ABSTRACT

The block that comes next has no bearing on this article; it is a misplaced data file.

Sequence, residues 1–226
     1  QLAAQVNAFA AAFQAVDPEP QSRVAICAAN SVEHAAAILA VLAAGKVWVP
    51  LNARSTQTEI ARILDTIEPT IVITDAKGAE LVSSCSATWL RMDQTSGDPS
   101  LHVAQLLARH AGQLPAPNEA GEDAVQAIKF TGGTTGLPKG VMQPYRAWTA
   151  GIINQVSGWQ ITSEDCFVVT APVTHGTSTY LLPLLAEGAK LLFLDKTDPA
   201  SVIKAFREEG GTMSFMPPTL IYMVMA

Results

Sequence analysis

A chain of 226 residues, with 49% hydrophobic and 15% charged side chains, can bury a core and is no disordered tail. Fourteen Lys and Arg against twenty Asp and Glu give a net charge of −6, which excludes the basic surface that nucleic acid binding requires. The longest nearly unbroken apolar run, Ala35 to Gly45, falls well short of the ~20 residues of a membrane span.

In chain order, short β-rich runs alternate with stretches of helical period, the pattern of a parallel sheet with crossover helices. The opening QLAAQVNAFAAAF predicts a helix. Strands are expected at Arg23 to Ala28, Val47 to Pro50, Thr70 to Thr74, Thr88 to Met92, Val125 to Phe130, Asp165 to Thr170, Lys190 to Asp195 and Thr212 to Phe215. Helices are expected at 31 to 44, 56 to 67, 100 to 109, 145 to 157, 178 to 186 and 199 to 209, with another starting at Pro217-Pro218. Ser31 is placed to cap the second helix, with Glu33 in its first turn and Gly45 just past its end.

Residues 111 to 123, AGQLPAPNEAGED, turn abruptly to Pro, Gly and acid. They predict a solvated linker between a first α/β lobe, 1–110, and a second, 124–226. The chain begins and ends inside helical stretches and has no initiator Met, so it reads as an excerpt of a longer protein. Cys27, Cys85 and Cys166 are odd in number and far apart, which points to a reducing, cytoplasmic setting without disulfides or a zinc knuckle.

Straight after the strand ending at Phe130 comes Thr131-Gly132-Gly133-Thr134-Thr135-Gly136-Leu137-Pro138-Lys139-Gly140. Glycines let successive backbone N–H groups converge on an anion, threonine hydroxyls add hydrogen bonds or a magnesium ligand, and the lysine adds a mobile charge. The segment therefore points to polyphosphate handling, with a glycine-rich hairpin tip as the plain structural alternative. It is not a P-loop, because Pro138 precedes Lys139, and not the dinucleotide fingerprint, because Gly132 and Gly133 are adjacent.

The Northern Saw-whet Owl (Aegolius acadicus) is a highly migratory owl that occurs throughout North America. Banding stations have studied the migratory habits of this species, but these studies rarely collect significant data regarding the origin of migrant birds captured in the midwestern United States. In the last 20 years Northern Saw-whet Owl ecology has been studied broadly; however, little is known how different populations may interact with one another. Many avian species with large geographic ranges often have populations that breed and winter in separate areas. Little has been documented to establish if this pattern exists in Northern Saw-whet Owls, a species where individuals are migratory, sedentary, and nomadic. Stable isotope ratios using deuterium δ2H in feathers have been successfully used to estimate the breeding origin of birds. We used stable isotope analysis of δ2H in conjunction with an isoscape map to determine breeding origins for Indiana Northern Saw-whet Owls. We collected 41 feather samples from migrating owls at 6 different banding sites across Indiana from October to November 2017. Because higher enrichment values in adult owl feathers complicate analysis, we only analyzed samples from young (hatching-year) individuals. After analysis and exclusion of birds identified as outliers, the model suggested that the birds originated along 44°N around the Great Lakes Region and as far east as Nova Scotia, Canada. When including outliers, the model suggested that individuals originated along 40°N between Iowa and New York. The outliers-excluded model remained more consistent with the known breeding range of this species than the outliers-included model. We successfully used this technique and our data suggests that the majority of Northern Saw-whet Owls originated from the Great Lakes Region. We recommend further investigation on the physiology and behavior of owls on the breeding grounds, which could aid in the ability to better understand differences in δ2H enrichment of this species. Better understanding of this would allow these models to be plotted more precisely onto the landscape.

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